It was in 1991, during the lurid Senate confirmation hearings over the nomination of Clarence Thomas, a career Republican functionary with scant judicial qualifications, for a seat on the U.S. Supreme Court. The hearings were testy, and among weightier sins, Thomas was allegedly a regular at a D.C. video rental shop that specialized in porn.
Now I didn’t care for Thomas politically, and I cheered for the women who characterized him as an office creep and borderline predator. But I was chilled by the idea that his personal movie choices could first, be unearthed, and then, be brandished as evidence of character. Really? Is that where we want to go?
Little did I know. This was way pre-Internet. We now inhabit a world where the volume of personal data that’s routinely gathered by anonymous vendors is immeasurably greater and says much more about us than mere video rental records do.
What’s more, as we all continue to learn, the places where this personal data is kept are more porous, more accessible, and more frequently pillaged than any of its self-serving keepers ever willingly admit.
But even if the data can’t be kept private, can’t we at least keep it from becoming public?
Enter Ashley Madison. That’s not some debutante, but a Canadian-based online hookup network for aspiring adulterers. Its catchphrase is, “Life is short. Have an affair.”
Ashley’s marketing persuaded more than 32 million people to sign on since 2007, and it seems reasonable to figure some proportion of them had satisfactory dalliances. The parent company, Avid Life Media, wasn’t taking any chances, and hedged its bets by also creating Established Men, which offers romantic opportunities for the rich; Man Crunch, for gay dating; one site for swinging couples, and another for the overweight but libidinous.
So far so good, until July, when a web security expert named Brian Krebs broke the news that Ashley had been hacked, and information about millions of its customers had been uploaded to the Internet. The hackers, an outfit called The Impact Team, said they were outraged by Avid Life Media’s policy of letting customers expunge their identifying information for a $19 fee.
The hackers said the offer was fraudulent, the listings were left intact, and Ashley had pocketed $1.7 million last year for a bogus service. So the hackers helped themselves to acres of personal information about Ashley’s users and posted it online, hoping the furious customers would sue Ashley for failing to safeguard their privacy.
In other words, the hackers sought to avenge a fraud by punishing the defrauded, and millions of names of wannabe adulterers were posted online.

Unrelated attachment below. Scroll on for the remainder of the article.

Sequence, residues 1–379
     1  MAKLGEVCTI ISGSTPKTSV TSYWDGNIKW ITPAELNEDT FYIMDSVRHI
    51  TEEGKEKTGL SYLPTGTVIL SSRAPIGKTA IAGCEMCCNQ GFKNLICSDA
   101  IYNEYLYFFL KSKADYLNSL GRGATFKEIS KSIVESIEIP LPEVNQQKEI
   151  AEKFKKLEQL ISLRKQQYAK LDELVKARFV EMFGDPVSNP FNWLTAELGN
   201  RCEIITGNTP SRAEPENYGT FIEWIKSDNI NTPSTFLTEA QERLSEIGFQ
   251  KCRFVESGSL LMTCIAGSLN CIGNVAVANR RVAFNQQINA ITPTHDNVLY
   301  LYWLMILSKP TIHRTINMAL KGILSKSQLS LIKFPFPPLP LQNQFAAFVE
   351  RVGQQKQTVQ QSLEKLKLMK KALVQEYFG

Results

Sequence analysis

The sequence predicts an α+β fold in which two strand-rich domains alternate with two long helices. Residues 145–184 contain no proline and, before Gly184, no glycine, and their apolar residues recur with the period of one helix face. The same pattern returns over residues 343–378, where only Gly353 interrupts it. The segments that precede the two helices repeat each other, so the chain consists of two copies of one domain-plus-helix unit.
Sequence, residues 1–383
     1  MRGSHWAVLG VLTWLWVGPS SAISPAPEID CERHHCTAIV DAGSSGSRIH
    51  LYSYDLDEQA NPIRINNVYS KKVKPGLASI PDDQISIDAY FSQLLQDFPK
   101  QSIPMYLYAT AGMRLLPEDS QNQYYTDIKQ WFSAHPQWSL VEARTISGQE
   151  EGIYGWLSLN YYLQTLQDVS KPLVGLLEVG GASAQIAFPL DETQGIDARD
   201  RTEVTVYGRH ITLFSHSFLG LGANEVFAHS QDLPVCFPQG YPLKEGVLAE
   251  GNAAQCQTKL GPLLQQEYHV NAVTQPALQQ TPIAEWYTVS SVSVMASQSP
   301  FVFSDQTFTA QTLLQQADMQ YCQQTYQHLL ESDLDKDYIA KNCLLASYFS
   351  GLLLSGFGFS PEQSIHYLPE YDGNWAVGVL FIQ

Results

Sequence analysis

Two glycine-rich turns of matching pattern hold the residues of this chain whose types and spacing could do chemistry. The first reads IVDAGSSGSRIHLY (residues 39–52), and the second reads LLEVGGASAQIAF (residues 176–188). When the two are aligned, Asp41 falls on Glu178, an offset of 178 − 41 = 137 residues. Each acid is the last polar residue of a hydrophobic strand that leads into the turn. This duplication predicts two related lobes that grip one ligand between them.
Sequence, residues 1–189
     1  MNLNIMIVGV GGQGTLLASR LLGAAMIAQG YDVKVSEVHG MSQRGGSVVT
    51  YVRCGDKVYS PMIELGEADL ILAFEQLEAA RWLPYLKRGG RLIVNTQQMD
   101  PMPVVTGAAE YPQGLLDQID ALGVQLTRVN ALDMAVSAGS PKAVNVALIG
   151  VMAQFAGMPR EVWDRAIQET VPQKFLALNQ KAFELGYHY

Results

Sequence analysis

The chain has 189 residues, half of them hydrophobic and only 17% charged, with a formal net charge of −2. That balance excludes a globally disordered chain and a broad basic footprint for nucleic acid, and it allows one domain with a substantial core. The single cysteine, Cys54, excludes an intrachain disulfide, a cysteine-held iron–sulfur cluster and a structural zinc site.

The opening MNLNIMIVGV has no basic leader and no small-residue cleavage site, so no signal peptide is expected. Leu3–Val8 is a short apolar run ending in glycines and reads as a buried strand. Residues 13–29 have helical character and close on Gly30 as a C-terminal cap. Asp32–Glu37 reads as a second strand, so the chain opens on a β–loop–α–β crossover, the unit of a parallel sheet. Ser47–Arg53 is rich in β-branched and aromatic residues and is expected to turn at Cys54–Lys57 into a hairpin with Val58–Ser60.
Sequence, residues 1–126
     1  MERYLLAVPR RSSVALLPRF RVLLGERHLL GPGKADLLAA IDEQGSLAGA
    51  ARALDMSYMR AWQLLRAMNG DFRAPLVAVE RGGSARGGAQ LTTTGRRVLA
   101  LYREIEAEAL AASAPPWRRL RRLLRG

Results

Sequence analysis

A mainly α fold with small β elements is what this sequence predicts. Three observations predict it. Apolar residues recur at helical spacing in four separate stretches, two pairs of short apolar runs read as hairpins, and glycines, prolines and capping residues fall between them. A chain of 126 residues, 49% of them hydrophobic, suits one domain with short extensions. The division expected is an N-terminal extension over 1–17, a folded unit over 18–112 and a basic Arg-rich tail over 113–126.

So the question is, how much of that information was honest news? What use should the media make of it? If news organizations begin scouring the listings, what should they do with data suggesting that a TV star, or a high-level bureaucrat, or a member of Congress, or a candidate for public office, once went trolling for playmates through a channel he or she had every assurance would remain secret?
As it happens, the media were hungry, but turned out to be picky eaters. An article in the Columbia Journalism Review reported a couple of instances where news organizations singled out individuals whose online quests raised eyebrows, notably a well-known TV comedy star and a state GOP official. The Associated Press found White House employees using their office computers, and found it newsworthy because Ashley registrants might be vulnerable to blackmail. Breitbart.com, the news site founded by the late GOP gadfly Andrew Breitbart, outed the son of a prominent member of the Obama administration (who denied the listing was his.)
Then there was Reuters report that in Ottawa, the Canadian capital, one in five adults had apparently signed on with Ashley, making it the world’s most vulnerable city to possible privacy breaches. Why so many registrants? Ottawa, one informant suggested, was “the city fun forgot.”
While there’s no way to prevent anybody with a laptop from scouring the hackers’ downloads to find recognizable names among the Ashley Madison customers, the overall restraint the news media have shown is worth noting.
After all, this information can cause a lot of pain. An anecdote in the CJR report describes a radio show in Australia where a caller who was bellyaching about her husband is told by one of the program’s hosts that his name is on the Ashley customer list. Clearly stunned, she hangs up. “I don’t know if we should have done that,” the host remarks.
So to what degree is this legitimate news? What should the connection be between private yearnings and exposure in the public square?
The disturbing prospect we now face is one where the media could regard purloined personal data as part of an available stockpile that could be drawn from, as a ready reference library, if the individuals become otherwise newsworthy.
But the nexus between private and public should, in my view, be close and transparent before media use such data. Infidelity is a matter of grave concern to the spouse. Beyond that, I’ll need to hear the argument for wide public dissemination.
Distasteful as they were, those disclosures about Clarence Thomas’s video rentals reflected on his sworn denials to specific allegations about his office misbehavior—that he had referred to porn stars in conversations with workmates or had made grossly suggestive comments to them. It’s worth knowing if a guy heading to the Supreme Court is not just a sleaze, but a perjurer.
It’s regrettable that Ashley Madison couldn’t maintain the privacy it pledged, but that’s no reason for the media to ignore the discretion that everybody involved in this dubious endeavor agreed to, and expected.